One of the town’s biggest defenders of personal freedoms has this week blown a fuse over the idea that a multinational dairy company might want to change their name.

This comes as the iconic Coon Cheese has been renamed Cheer Cheese, after decades of Australians pretending to ignore the rather obvious racist connotations associated with the word.

While in context, the outgoing brand was actually named after one of their products initial founders whose German surname was ‘Coon’ – as this slur wasn’t common place in Australia at that time.

This has outraged Betoota Grove boomer Paul Carne (61) who has taken a moment from being outraged by how outraged everyone gets these days to instead focus his outrage on this cheese company changing their name.

“You can’t do anything nowadays” says Paul, apparently not in reference to the cheese company who wanted to no longer be confused for a racial slur against black people.

“Everyone is so quick to get offended. They want to be offended.”

“This is has really pissed me off”

But it hasn’t just pissed Paul off, it’s actually done his head in.

He hasn’t slept a win in three nights, as he comes to term with the fact that the world he grew up in during the prosperous post-war economic boom can’t stay exactly the same forever.

“Why does everything have to change”

“Peoples feelings being hurt by seeing a word that gets yelled at them in the school yard as kids aren’t as important as my feelings being hurt by a couple letters being changed around in a cheese brand that I sometimes buy”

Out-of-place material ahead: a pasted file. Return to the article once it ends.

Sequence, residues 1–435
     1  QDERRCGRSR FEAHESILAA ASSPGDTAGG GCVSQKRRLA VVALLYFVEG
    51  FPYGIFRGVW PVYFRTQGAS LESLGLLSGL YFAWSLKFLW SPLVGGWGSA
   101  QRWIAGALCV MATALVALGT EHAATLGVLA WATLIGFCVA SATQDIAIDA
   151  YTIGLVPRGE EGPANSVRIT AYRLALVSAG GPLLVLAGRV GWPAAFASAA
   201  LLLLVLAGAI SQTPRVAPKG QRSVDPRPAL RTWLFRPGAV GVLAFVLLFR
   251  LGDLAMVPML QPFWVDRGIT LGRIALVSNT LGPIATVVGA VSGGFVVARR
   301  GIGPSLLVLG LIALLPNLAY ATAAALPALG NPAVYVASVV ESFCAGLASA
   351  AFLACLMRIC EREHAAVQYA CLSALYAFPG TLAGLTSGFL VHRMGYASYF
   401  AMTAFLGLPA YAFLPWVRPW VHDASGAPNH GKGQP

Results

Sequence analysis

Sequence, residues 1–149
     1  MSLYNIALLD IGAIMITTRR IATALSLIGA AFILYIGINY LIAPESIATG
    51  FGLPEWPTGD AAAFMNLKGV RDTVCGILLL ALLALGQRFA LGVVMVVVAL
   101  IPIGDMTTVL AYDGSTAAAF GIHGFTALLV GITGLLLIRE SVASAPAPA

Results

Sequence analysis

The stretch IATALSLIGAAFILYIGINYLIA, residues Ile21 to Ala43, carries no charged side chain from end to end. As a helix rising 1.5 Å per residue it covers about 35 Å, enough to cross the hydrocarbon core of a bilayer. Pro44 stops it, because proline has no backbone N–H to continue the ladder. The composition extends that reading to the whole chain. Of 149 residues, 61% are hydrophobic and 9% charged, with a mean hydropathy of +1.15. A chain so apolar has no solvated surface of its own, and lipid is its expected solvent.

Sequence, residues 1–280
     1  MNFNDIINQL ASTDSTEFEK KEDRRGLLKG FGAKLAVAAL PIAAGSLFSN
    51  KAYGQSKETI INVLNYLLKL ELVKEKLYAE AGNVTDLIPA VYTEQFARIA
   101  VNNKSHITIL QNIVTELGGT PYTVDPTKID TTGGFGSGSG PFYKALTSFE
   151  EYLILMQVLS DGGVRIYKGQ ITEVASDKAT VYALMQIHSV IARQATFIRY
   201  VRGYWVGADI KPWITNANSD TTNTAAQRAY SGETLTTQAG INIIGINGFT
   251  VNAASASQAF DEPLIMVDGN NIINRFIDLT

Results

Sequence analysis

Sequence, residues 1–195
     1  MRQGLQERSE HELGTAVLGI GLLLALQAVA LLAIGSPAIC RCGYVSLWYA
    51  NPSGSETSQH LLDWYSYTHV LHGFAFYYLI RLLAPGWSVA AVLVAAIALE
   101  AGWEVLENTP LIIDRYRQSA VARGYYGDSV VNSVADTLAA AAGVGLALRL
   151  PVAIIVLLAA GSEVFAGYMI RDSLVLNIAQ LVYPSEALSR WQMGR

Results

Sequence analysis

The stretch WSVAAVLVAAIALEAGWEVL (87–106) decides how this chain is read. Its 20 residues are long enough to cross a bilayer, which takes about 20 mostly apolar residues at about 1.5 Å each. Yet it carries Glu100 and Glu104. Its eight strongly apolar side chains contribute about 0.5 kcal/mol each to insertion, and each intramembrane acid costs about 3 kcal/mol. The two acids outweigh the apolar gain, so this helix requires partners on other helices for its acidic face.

Paul has since vowed to no longer buy this specific brand of cheese, which will not really have much affect on the bottom line now that they are likely to attract quite a few more consumers after making the executive decision to no longer have a horrible racial slur plastered across all of their packaging.

The rebrand has began rolling out across supermarkets across the country, according to a press release from the company today.

“Our decision to change the name of Australia’s much-loved cheese reinforces this commitment to build a culture of acceptance, inclusion and respect where everyone feels a sense of belonging.” read the press release.

While the decision might appear to be a bit behind the times, the company is taking the opportunity to pat themselves on the back for doing the right thing by Indigenous community – many of whom pay four times as much as the rest of the nation to even buy this product in remote communities.


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